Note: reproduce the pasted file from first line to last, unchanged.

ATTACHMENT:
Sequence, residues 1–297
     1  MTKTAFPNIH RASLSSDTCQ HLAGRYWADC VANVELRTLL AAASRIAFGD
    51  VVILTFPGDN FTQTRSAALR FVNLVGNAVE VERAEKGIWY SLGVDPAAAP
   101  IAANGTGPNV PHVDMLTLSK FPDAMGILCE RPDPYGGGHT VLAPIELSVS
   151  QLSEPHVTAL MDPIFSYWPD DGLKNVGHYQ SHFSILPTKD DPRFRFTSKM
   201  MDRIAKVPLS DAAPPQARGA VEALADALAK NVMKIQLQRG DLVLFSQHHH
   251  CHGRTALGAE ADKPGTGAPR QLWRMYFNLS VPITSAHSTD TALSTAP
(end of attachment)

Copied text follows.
Sequence, residues 1–297
     1  MTKTAFPNIH RASLSSDTCQ HLAGRYWADC VANVELRTLL AAASRIAFGD
    51  VVILTFPGDN FTQTRSAALR FVNLVGNAVE VERAEKGIWY SLGVDPAAAP
   101  IAANGTGPNV PHVDMLTLSK FPDAMGILCE RPDPYGGGHT VLAPIELSVS
   151  QLSEPHVTAL MDPIFSYWPD DGLKNVGHYQ SHFSILPTKD DPRFRFTSKM
   201  MDRIAKVPLS DAAPPQARGA VEALADALAK NVMKIQLQRG DLVLFSQHHH
   251  CHGRTALGAE ADKPGTGAPR QLWRMYFNLS VPITSAHSTD TALSTAP